Wine, it is what’s best for dinner. Even more than that, it also can be your key ingredient in dinner. Exactly. Cooking with wine makes your food taste the bomb since it brings the additional flavor. When the wine is heated, the alcohol and sulfates found in wine are cooked off, leaving only an aroma and light taste.

Once you know a few ground rules about how and when to add it, you’ll find yourself reaching for a little wine the way you would for lemon juice or good vinegar. It’s just necessary. Here’s how to make it work:

#1 Wine Selection

Source: The Beverage Clique

The first and foremost important rule: Use only wines in your cooking that you would drink! Never – ever use any wine that you would not drink. If you don’t have a wine that you like, better not to use in your cooking because if you don’t like the taste of a wine, you won’t like the dish you choose to use it in. Also, don’t use cooking wines! It’s typically salty and the additives inside may affect the taste of your dish.

Your wine shouldn’t be expensive but a good quality wine that you enjoy will definitely provide the best flavor. Most people would save their most expensive bottles of wine for drinking, and rather use their table wines for cooking. You can start with either a basic red or white wine. A good example yet easy for red is Cabernet Sauvignon while for white is Sauvignon Blanc.

#2 Quantity of Wine

Source: Leaf TV

The function of wine in cooking is to intensify, enhance and accent the flavor and aroma of food – not to mask the flavor of what you are cooking but rather to fortify it. The alcohol in the wine evaporates while the food is cooking, and only the flavor remains. This is why it should not be added to a dish just before serving, as it should simmer with the food or sauce.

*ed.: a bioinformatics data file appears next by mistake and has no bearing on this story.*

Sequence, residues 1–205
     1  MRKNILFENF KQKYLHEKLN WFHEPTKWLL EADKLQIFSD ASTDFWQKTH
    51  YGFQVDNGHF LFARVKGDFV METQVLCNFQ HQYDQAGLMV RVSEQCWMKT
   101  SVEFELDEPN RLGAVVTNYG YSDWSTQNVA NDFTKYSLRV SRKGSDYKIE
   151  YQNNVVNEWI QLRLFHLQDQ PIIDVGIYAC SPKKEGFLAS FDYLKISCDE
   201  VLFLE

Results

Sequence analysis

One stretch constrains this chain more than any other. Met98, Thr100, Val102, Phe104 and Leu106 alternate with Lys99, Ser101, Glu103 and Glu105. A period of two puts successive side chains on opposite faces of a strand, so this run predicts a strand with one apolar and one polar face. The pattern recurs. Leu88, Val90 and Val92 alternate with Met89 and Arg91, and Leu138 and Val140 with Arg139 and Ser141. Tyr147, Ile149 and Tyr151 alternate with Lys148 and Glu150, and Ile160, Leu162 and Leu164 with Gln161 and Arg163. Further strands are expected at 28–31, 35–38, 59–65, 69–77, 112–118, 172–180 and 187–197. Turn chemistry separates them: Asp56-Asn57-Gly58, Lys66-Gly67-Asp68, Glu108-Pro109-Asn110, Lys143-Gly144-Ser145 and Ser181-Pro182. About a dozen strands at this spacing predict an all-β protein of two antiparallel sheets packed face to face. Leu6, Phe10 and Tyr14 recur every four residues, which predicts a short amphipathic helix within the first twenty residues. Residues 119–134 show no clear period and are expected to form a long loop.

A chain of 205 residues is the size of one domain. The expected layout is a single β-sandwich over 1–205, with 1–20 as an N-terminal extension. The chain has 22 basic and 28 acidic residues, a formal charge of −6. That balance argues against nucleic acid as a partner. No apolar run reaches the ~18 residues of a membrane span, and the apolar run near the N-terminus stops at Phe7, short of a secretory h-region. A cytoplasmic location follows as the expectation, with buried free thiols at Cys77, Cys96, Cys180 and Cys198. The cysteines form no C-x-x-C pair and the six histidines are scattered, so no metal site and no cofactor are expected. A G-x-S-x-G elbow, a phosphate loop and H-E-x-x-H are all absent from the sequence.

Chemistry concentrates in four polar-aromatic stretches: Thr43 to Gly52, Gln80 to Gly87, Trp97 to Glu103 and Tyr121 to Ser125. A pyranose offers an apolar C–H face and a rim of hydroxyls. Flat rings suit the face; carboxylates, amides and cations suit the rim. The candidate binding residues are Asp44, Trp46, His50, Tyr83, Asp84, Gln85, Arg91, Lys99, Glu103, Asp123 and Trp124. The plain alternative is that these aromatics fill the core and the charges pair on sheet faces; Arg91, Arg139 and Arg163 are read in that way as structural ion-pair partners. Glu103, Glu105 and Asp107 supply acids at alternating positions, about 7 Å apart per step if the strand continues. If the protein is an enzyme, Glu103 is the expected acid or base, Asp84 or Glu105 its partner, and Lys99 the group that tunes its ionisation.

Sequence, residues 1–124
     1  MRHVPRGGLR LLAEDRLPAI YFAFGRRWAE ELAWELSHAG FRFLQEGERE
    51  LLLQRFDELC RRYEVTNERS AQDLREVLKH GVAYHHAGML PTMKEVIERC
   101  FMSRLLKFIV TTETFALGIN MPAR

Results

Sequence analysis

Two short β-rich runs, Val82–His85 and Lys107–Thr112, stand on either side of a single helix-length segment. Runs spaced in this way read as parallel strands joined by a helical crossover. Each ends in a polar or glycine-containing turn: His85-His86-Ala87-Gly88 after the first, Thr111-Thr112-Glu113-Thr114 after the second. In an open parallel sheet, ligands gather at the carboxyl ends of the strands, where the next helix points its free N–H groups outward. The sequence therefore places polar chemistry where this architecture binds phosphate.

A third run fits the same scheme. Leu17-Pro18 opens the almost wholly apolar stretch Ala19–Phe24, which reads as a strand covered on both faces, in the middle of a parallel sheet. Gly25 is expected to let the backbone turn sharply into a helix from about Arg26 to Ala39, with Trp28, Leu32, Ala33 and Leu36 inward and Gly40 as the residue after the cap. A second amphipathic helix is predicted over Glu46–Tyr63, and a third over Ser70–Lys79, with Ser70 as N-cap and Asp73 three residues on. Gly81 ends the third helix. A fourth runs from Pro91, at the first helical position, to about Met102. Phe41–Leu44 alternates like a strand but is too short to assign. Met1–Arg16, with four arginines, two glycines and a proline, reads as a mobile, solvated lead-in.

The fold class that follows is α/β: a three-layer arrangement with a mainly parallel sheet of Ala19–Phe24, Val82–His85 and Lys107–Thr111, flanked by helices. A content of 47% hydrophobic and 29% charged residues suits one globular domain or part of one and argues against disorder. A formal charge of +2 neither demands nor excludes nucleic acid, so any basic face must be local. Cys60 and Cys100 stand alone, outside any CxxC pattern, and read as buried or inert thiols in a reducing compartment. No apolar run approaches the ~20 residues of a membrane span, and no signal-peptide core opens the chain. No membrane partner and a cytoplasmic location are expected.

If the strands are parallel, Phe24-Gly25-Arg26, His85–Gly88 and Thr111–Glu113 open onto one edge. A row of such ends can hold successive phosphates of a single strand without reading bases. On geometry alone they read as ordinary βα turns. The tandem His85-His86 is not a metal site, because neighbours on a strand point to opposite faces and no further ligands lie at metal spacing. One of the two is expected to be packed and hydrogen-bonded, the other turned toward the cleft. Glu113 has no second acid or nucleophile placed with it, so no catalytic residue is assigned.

Pay attention to the amount of wine you would add to your dish. Think of it as a usual and normal seasoning. Too little wine will be lost, and too much will be overpowering. Here’s the tip: Start with small amounts and add gradually. Remember that you can add more wine, but you cannot take back what you have already put in.

#3 Red or White?

Source: Y Lift

As we said before that you can go with both, or probably rosé, note that young wines with lively fruit notes add the best flavor. Use dry red wines with moderate tannins, like Merlot, Pinot Noir, Chianti, and lighter-style Cabernet are all good. The acidity will punch up other flavors in the dish while add depth and zing to the flavor.

Going with white? White wine is a pantry staple for most cooks, and it’s really versatile. Use dry white wines with higher acidity, such as Sauvignon Blanc, Pinot Grigio, Pinot Gris, Pinot Blanc, Sémillon, or dry sparkling wines – since it’s good of their bright citrus and green apple notes.

#4 Know When to Add

Source: Jamie Oliver 

White wine works best to deglaze the brown bits for a pan sauce for sautéed fish, chicken, pork, or mushrooms. It’s also good touch for risotto, a pot of shellfish, and a court bouillon for steeping salmon, bass or flounder. Meanwhile red wine works to slow-cooking stews or tomato sauces. Use it for pan sauces for seared lamb, duck, chicken or beef. Oh, even for flavoring desserts!

But to get the best flavor and make sure the alcohol is cooked, you have to understand when to add the wine:

- For stews, braises, or long-simmering tomato sauces, add wine early in the simmering stage right after you’ve browned the meat and vegetables.

- For pan sauces, add the wine after you’ve set the meat aside to rest. Reduce the wine to a syrupy consistency, scraping up any browned bits.

- For marinades, add the wine with all the other marinade ingredients. The marinade can also be used as the base for a sauce.

- In risotto, add the wine after the onions are soft and the rice has been added and lightly toasted in the butter.

- In a sauté of shrimp or scallops, add the wine after the initial searing but before the fish is cooked through, make time for the wine to reduce.

If after you read everything you have your mind thinking that “hell yes, I should try to cook one dish now!” Well, go ahead choose a bottle for your cooking ingredient, even better two – to reward yourself and serve to your guests during the meal. There is something fun about having the same wine both in the dish and also in your glass. Be it red, white, or rosé, Boozeat carries all in hand.

Wanna try something else? We’ve got other matching booze and bites here! Note that the more you use wine in your recipes and cooking, the better you will be able to predict the taste and flavor. Practice makes perfect!